My notion of motherhood turned on its heels and ran away the moment my son was diagnosed with diabetes. I did all I could to prevent harm to my son, Brendon, starting from the time before I conceived him. But nothing I did prevented him from developing Type 1 diabetes.
When my husband and I made the decision to start a family, I began surfing the net, searching for websites that would give me information on how to successfully conceive. I read articles giving advice to take multi-vitamins, eat fresh fruits and vegetables, lean protein, and most importantly, make sure to get enough folic acid to prevent birth defects! No mother wants their baby to have birth defects.
During my pregnancy I continued to eat all of the right foods, and avoided eating the wrong ones. I followed advice on how often to exercise, which moves were best for a pregnant woman, and which were to be avoided. I did everything I was supposed to do to have a healthy pregnancy, which was supposed to provide a healthy baby.
When Brendon was born, he had all ten fingers and toes, his APGAR was 9, and everyone who saw him thought he was the cutest baby in the nursery...no kidding. I succeeded in giving birth to a healthy, handsome baby boy. The effort I put into having a healthy baby paid off. I was well on my way to becoming a good mother.
So it was when, in the ER, Brendon lay on a gurney, limp, seemingly lifeless, with shallow breath and sallow skin that I thought my vibrant, talkative, robust Brendon was gone, and in his place was a boy that I didn’t count on having as a son. Nothing I did to protect him from harm prevented the condition he was in. My mothering failed his health.
I was completely devastated by the condition of my son. I was afraid of the life he was in for, and worried that I wouldn’t be able to prevent the complications that I was sure he was destined for in the form of amputations, stroke, heart attack, and every other possible complication diabetes provides. I felt soulless, like everything I ever knew, thought, and counted on was pulled out from underneath me. I was left with nothing familiar. I had nothing to grip onto that would assure me that my goals and plans for living the life I planned for my family would ever be possible. In other words, I couldn’t predict the future. And the future I imagined always came true because I worked so hard to make it so.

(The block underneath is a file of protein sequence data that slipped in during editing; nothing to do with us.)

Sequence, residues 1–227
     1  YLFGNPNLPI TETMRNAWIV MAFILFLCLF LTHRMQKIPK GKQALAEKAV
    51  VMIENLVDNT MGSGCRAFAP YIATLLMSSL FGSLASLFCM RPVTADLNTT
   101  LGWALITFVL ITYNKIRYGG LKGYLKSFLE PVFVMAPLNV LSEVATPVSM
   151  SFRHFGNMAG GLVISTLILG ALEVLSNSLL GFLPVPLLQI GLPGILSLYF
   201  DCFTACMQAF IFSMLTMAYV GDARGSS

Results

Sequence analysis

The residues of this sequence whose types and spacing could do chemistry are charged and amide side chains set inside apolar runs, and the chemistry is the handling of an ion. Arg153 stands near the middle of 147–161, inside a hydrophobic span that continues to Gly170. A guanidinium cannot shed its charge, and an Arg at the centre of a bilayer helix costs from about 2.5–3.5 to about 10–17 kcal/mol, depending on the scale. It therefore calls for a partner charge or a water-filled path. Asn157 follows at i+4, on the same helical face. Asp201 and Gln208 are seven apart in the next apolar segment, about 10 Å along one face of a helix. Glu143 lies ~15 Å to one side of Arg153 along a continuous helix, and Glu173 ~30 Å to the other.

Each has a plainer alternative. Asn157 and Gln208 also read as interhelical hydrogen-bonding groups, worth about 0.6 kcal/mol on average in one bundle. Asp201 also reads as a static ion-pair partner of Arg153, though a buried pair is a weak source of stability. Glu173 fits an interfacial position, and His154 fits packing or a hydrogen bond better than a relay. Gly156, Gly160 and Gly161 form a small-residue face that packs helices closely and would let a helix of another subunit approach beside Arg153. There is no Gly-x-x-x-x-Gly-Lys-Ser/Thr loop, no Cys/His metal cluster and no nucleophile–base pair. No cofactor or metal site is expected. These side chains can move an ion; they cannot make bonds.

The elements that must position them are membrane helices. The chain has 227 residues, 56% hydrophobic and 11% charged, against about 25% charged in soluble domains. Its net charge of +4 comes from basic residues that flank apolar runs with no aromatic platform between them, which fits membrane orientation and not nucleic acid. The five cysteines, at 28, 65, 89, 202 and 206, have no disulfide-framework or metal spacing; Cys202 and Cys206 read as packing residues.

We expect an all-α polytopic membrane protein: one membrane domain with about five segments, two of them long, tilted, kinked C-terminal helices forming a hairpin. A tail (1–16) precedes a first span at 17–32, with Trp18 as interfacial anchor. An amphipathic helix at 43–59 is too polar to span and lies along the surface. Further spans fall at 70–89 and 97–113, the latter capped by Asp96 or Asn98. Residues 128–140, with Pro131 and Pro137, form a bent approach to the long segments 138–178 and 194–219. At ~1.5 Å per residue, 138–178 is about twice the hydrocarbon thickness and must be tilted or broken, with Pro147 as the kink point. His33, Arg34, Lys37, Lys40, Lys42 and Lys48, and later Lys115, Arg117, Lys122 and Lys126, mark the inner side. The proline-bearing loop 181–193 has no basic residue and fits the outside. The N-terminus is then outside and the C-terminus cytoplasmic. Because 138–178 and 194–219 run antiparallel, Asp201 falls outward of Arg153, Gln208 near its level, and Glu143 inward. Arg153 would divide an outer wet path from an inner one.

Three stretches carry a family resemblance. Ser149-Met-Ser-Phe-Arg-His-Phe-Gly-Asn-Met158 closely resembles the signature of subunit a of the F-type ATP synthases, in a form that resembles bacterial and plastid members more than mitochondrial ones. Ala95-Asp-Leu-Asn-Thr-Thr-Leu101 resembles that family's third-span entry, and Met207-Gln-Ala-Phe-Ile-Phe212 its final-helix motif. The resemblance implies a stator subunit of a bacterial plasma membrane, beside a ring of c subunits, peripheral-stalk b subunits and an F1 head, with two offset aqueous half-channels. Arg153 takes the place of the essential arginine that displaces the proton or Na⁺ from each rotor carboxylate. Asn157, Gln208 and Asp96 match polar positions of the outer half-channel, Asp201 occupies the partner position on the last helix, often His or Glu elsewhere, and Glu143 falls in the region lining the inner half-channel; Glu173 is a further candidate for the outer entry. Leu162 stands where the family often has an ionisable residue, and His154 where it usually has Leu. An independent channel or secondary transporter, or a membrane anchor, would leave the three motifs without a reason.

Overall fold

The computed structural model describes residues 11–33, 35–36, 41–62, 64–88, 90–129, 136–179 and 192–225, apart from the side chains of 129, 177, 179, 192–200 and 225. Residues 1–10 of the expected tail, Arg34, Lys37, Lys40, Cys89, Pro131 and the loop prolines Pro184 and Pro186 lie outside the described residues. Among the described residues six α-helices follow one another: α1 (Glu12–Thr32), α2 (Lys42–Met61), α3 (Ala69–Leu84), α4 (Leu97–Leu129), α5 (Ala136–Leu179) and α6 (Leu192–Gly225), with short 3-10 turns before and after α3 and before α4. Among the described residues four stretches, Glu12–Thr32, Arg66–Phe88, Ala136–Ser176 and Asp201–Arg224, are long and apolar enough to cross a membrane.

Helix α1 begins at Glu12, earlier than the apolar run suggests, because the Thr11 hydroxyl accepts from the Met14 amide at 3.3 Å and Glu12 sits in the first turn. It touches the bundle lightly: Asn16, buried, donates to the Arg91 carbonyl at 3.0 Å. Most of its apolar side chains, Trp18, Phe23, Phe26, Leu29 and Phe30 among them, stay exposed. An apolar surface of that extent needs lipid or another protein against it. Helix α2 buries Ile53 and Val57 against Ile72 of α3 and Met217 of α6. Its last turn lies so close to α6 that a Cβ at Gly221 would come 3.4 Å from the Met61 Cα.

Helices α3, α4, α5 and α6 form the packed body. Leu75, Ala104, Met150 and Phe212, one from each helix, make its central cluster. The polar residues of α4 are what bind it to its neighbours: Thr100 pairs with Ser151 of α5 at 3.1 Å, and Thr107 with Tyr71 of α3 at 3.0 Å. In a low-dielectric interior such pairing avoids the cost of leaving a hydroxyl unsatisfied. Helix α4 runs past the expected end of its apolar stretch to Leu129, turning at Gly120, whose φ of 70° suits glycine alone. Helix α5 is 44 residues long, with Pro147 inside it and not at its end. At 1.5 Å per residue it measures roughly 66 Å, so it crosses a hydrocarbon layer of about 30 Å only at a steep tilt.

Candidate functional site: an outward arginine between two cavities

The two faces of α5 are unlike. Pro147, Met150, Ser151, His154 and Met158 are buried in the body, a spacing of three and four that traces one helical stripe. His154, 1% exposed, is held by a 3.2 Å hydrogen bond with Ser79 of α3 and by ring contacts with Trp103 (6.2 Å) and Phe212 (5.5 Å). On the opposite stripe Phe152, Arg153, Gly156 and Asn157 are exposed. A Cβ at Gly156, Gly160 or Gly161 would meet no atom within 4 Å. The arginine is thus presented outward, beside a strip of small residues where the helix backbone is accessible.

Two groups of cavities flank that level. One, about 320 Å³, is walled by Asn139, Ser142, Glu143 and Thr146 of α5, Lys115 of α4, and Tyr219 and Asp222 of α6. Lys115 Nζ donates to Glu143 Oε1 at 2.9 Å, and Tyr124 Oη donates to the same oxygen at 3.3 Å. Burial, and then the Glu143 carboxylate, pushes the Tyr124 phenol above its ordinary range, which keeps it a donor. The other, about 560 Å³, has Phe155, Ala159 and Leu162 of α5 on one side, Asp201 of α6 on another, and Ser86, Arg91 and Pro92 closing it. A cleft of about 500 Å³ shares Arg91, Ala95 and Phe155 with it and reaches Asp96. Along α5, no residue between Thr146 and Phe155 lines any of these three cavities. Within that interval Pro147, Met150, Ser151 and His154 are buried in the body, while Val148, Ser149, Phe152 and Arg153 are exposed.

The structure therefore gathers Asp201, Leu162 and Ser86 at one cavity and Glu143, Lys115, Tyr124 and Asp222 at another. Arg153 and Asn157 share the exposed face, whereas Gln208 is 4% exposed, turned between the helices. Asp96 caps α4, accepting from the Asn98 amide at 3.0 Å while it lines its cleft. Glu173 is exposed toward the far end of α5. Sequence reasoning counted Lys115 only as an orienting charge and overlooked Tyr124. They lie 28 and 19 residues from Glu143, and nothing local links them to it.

While Brendon was at the hospital for the next seven days, my husband would stay over night with him as I drove back to the house we were living in while waiting to close on the home we had in New York. While driving, I would cry the cry of mourning...mourning the loss of the son I worked so hard to nourish, and nurture. I was angry at what life dealt me. On one of these drives back to the house, I thought, “Why me? “Why is this happening to me?” And it was at that moment that I realized how self-centered I was. How totally unlike a mother I was.
Nothing happened to me. It happened to my son. He’s the one who has diabetes. He’s the one that, ten times a day, has to have the tender skin on his perfect ten fingers pricked to draw blood to test his blood sugars. He’s the one that has to have up to five shots per day of life saving, and hopefully, health preserving insulin injected into his skin. He’s the one who feels like crap when his numbers are too high or too low. He’s the one who will have to deal with this for the rest of his life. I, simply, will be the one to tend to the management of his diabetes until he is out on his own. I, simply, am someone who has to maintain some semblance of routine, so that he can pick up where I left off and carry on for the rest of his life the awesome responsibility of managing diabetes in order to hopefully avoid complications, and to also, simply live.
The morning after my realization of how unlike a mother I was, I returned to the hospital, walked to my son’s room, and I stood at the foot of his bed and looked at the face of a tiny boy dressed in a hospital gown with tubes and machines invading his body. He looked back at me. Neither of us said a word to each other. It was as though my 2 1/2 year old son knew exactly what had to be done.
I looked at him from the perspective of a child. As I stared into his face, I imagined what he needed to see in my own face...in his mother’s face. And what he showed me was that he was scared, so he needed a mother whose face showed him that she was OK which meant that he was OK too. So I showed him a serene, smiling face. Then I listened closely to his inner voice. I imagined what he needed to hear in my own voice...in his mother’s voice. And what he told me was that he was scared, so he needed a mother whose voice told him that she was OK which meant that he was OK too. So I spoke to him with a soothing, matter of fact voice.
That brief, silent exchange revealed to me the true meaning of what a mother is. A mother provides what her child needs, not what she needs to provide her child.